In practice, we have seen that milling times of complex 3D workpieces can be done within 50% of the time compared to competitors who do not have LAF. With G64 R... the LAF angle can be changed in the g-code file. The standard LAF angle is in the software setup. To give some realistic values: A value of 3 is good for most machines. A value of 6 may already give too much Jerky ness on some machines. Still, there are customers using values of 20 here, but they have quite specific machine constructions and applications e.g. dental milling.
The F parameter defines the value of the Accel/Decel filter placed behind LAF. LAF with high R values (Angle) can cause acceleration spikes because LAF will travel through corners without stopping. The F parameter filters the trajectory generated by LAF and takes care the acceleration is never violated.
F1 will give a RAMP time that matches with the max velocity / max acceleration from the setup and so F1 and maximum speed will lead to the max acceleration that is allowed. Smaller F values filter less. This can be used if the milling velocity is less than the max velocity of the machine. Example:
The max velocity in the setup is 200 and the used milling velocity is F6000 (100 mm/s),
Then F0.5 is safe to use. So now you can do this G64 R100 F1 and you will not get acceleration spikes but a very smooth and fast movement. The price to pay is corner rounding which is depending on the max acceleration of the machine, the higher the max acceleration, the less corner rounding.
A good application example is with milling rubber or similar flexible material, the milling speed must be constant otherwise more material is removed in the corners due to the lower speed and the flexibility of the rubber. The F1 in combination with R100 will give constant and high speed for good milling surface quality of the rubber.
For milling e.g. rubber when constant speed is more important than rounding. To have an acceptable amount of rounding the machine needs to have very high acceleration. This function was tested and used on a machine with a relatively low speed (100 mm/sec) and very high acceleration (4000 mm/sec * sec).
The R parameter is the look-ahead feed angle. When subsequent lines/arcs have an angle together less than this value, the trajectory-generator will accelerate through these segments and this way optimizes the production time. With R0, LAF is switched off, and with LAF off a (much) lower but more constant speed is achieved. The higher the angle, the higher the speed, but the jerkier the motion becomes because of high acceleration peaks. This needs to be tuned depending on the quality of the machine and the power of the used motors. A compromise is to be found between speed and machine behavior.
New algorithm (Still experimental, but successfully used by a few customers): With the standard LAF setting G64 R... (no S... and no D...), the velocity in corners will be zero if the angle between the segments is bigger than LAF angle in the set-up. But there are angles that are big and also smaller angles, so we found a solution where depending on the angle size, the speed in the corner the velocity is limited but not to zero and further limited if the angle gets bigger. This allows faster production, especially for 3D work.
Putting a circle to the original path would be a solution. But this cannot be done in real-time and is also not always wanted because we want the contour to be milled as specified in the g-code.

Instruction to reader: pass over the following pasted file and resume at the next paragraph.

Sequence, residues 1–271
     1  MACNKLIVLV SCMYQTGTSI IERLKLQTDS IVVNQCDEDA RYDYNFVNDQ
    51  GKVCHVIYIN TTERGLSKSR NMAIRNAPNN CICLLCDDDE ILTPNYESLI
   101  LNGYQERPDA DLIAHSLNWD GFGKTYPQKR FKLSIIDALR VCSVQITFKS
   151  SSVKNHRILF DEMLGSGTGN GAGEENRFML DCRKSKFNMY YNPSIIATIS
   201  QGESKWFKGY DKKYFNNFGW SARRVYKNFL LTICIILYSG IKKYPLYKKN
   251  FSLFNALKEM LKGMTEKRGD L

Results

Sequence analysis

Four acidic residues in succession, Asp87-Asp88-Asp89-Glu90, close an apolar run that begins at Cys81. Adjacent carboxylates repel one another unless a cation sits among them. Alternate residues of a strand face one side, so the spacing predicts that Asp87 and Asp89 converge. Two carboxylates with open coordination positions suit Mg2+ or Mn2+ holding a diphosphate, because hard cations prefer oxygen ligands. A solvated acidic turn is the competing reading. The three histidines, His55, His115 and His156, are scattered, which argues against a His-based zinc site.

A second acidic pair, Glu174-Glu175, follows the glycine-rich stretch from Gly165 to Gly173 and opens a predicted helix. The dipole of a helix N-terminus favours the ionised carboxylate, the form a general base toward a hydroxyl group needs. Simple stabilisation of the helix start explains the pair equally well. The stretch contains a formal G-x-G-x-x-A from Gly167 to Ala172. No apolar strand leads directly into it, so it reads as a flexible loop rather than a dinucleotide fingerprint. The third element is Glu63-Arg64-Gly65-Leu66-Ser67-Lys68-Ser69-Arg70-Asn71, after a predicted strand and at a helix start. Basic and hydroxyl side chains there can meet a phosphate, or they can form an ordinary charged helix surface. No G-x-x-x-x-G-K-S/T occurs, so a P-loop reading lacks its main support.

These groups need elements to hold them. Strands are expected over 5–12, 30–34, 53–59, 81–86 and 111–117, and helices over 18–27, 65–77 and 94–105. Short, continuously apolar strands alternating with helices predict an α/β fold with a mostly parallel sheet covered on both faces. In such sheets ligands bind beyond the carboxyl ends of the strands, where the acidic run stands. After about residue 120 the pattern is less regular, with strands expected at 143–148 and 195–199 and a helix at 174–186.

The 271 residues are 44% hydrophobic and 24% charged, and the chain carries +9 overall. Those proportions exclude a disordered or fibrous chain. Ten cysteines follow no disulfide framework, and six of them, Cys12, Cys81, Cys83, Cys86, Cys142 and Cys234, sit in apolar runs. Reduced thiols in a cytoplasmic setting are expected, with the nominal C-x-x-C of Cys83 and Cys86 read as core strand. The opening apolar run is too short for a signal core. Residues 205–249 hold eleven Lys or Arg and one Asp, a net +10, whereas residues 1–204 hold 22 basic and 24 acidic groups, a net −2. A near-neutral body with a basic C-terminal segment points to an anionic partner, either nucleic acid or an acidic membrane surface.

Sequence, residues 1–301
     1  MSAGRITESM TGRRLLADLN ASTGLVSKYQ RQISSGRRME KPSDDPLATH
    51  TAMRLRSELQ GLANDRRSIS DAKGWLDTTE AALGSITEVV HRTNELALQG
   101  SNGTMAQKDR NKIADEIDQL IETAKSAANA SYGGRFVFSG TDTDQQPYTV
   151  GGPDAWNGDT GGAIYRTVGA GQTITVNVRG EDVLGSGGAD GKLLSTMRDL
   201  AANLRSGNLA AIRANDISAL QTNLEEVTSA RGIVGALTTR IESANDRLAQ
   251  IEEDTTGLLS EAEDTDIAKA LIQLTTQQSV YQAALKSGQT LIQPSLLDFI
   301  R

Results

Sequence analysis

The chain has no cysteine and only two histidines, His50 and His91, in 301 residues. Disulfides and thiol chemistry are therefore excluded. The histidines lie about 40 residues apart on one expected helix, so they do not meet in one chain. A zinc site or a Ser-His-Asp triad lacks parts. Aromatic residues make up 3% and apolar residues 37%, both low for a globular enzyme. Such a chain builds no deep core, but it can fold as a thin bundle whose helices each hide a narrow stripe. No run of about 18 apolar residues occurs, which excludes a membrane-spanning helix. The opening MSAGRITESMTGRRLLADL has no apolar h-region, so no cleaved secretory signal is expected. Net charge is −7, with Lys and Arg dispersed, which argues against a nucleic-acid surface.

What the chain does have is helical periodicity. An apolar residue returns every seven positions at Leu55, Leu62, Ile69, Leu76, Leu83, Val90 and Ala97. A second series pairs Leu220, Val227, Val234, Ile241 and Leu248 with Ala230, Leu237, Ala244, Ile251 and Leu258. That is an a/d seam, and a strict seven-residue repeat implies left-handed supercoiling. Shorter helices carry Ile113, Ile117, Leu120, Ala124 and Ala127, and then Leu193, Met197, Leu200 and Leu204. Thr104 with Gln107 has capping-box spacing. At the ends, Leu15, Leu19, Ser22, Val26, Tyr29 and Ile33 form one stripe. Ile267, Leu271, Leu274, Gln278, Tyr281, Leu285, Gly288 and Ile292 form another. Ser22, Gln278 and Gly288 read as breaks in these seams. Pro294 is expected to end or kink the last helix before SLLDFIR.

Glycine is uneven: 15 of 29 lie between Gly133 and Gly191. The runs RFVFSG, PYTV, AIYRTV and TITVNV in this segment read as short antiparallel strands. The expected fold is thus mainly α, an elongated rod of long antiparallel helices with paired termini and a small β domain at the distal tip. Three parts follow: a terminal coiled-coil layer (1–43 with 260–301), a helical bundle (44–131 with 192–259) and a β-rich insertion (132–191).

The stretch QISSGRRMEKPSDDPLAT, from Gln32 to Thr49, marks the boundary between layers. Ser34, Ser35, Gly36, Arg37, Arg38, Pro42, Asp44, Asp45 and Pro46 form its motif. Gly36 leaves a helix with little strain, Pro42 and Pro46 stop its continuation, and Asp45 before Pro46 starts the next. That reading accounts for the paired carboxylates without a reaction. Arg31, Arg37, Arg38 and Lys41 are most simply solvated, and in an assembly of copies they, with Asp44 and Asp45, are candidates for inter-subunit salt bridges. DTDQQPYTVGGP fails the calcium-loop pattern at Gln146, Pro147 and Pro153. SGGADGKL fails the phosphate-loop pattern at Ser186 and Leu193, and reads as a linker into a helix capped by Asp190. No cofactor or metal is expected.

However, we can calculate a circle between 2 segments when knowing their start and end vectors. The circle radius can then be used to calculate an allowable velocity in the corner taking the max acceleration into account like this:
Vcorner = SQRT ( Amax * R) Where A max is the maximum possible acceleration which is known by the setup and R is the calculated Radius depending on the angle between the segments and the D value supplied in the G64 command.
This is basically the idea. If we draw it, it gets more clear:
Segment 1 and Segment 2 are 2 subsequent motion segments.
Alfa is the change of direction angle between the segments. Beta is the angle between the lines to fit the circle. D is the user-supplied max deviation between the junction and the circle, this determines how far the junction speed is limited. R is the calculated radius from D and Beta.
So D is the parameter that determines the amount of speed reduction in the corner. Practical values are in the order of 0.01 to 0.0001 for D. The smaller the value the smaller the circle radius, the smaller the velocity in the corner becomes.
This value needs to be tuned by experimenting on the target machine, if the value is too high the machine will move jerkily. Note that the original path is traveled, but the corner velocity is limited in the corner as if there was an arc between the segments.
Both new and old algorithms co-exist in the software. So the user can specify 2 angles and the D parameters now with G64 together with the existing P parameter.
P: Parameter for max rounding when blending R: LAF angle for standard algorithm where LAF will travel full speed of angle is lower. S: 2nd angle, the new algorithm will work between the R... angle and S... angle. D: deviation of the virtual circle in the corner used in the algorithm. Example: G64 P0.1 R3 S90 D0.001
The machine operates at full speed when the angle is less than the R angle. Reduced speed depends on D when the angle is between the R and S angle. For angles bigger than S... angle blending kicks in and uses the P... as tolerance.
There are 6 parameters that can be combined with G64. For normal milling, mostly G64 P... is used.